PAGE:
Inversions are unnatural events that signal a policy mistake. It’s not unusual for the US yield curve to invert every cycle, because the Fed makes a policy mistake at least once every cycle. Over the last 40 years, recessions occur because the Fed kept tightening even after the yield curve inverted. The key for the Fed is to not invert the curve. But, once it’s inverted, the Fed should stop raising rates or tightening, hoping that their pause is early enough to allow the economy to regain its growth path. It may be too early to know if their pause is timely or not. Let’s hope the inverted curve was the “stop sign” for the Fed to pause and watch economic developments, and thereby avoid a recession.
One side effect of the yield curve inversion and recent Fed pause is that the whole curve shifted itself lower than at the start of 2019. Meaning, consumers are finding interest rates lower at the end of March than at the start of the year. Auto and home sales are increasing again as consumers take advantage of lower rates. This too supports the notion that economic growth should advance again in the 2nd half of 2019 and support stock market prices.
In any case, the current yield curve inversion will not win any beauty contests with investors.
STYLE DIFFERENCES EXIST
Amazing! The S&P500 provided a “full year” size return in the 1Q2019 alone. This fast pace is unlikely to continue for the balance of the year. While the market offered attractive valuations at year-end, following the 1Q rise investors should once again be aware of higher prices. It is important to monitor economic developments and other policy actions to verify this Bull market can advance its historical run.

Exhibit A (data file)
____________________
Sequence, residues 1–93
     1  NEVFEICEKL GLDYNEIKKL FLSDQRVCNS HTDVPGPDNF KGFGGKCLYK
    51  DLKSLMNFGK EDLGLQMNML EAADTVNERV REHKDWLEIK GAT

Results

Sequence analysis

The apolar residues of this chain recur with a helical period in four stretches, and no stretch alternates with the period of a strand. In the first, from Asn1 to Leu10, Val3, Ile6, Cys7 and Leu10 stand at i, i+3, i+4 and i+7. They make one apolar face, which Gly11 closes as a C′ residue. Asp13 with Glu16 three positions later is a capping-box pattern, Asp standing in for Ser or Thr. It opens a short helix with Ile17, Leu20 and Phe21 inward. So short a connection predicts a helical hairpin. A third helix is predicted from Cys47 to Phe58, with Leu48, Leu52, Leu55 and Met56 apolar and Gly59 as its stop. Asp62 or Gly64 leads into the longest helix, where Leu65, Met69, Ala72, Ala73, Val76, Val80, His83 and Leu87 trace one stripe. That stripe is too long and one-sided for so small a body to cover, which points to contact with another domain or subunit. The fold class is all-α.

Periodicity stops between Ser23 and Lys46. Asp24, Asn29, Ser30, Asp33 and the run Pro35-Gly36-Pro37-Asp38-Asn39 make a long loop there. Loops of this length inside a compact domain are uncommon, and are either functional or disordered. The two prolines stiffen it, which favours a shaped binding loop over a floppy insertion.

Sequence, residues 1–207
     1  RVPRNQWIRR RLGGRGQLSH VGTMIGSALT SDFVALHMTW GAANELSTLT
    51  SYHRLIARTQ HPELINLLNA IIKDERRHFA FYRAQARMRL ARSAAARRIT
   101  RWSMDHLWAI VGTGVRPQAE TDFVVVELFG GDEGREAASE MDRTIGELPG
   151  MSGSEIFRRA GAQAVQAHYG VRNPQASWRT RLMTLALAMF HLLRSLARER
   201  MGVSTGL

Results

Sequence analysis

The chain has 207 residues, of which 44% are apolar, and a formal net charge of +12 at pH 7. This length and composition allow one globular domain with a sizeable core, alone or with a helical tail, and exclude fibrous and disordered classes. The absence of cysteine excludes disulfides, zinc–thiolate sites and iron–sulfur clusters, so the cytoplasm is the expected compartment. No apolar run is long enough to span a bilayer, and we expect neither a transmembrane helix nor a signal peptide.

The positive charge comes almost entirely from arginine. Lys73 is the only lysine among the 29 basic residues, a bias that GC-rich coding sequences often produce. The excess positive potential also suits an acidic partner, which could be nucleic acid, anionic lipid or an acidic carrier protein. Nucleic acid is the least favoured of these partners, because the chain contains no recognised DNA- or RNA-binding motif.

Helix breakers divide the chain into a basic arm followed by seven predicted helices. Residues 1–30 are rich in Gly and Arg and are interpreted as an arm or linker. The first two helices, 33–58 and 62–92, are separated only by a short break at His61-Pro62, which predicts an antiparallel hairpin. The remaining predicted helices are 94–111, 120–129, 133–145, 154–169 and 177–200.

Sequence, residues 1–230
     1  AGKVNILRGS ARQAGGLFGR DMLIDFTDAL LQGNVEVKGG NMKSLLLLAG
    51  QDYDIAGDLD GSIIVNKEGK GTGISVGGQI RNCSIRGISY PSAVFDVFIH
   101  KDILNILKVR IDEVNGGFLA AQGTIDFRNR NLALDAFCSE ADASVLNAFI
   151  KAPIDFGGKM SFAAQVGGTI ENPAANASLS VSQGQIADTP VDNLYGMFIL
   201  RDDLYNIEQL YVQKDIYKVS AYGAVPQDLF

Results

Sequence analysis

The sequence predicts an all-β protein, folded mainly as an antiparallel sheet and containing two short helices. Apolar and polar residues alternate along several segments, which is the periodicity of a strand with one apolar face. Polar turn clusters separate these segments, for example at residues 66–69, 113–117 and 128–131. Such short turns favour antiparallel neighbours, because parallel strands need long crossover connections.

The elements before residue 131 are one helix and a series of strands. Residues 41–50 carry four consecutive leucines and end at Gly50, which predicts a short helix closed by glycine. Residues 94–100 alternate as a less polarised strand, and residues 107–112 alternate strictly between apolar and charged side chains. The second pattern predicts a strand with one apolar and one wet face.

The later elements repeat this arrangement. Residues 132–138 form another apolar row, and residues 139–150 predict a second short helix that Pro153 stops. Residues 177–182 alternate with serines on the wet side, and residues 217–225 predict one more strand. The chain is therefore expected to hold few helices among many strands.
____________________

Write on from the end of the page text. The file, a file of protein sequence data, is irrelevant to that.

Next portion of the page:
Our portfolio management process is employing a “dial-down risk” strategy. We know “Age is Just a Number.” We know the Bull market can run longer than 10 years, IF economic fundamentals provide continuing support. As portfolios incorporate a dialed-down risk in both bond and stock exposures, it is interesting to observe fund style performance differences. Both US domestic and foreign (EAFE) growth style stock funds are continuing to perform better than value style funds (see “Growth v Value” chart to the right). Valuations of growth style funds are rich or stretched compared to value. That means risk is elevated for growth versus value. Diversifying a portfolio still requires owning both growth and value style stock funds. Dialing-back risk advocates capturing some profits from more expensive growth style stock funds to reduce their portfolio exposure. Then, redeploying the proceeds first, to retain the stock/bond allocation target per objective, and second owning value style stock funds where the risk/reward appears better. For now, this Bull market is without an expiration date, but we know that managing risk is very important at this stage in the cycle.
Pursuing less risk may result in slightly slower advancing portfolio values during a rising market environment. Yet, if style performance shifts to favor value, those exposures will provide a nice boost to portfolio appreciation. Or, if/when the market does pull back the lesser-risk, value-style stock funds should provide better downside protection in portfolios. Nvest tries to be dynamic and disciplined with our investment process.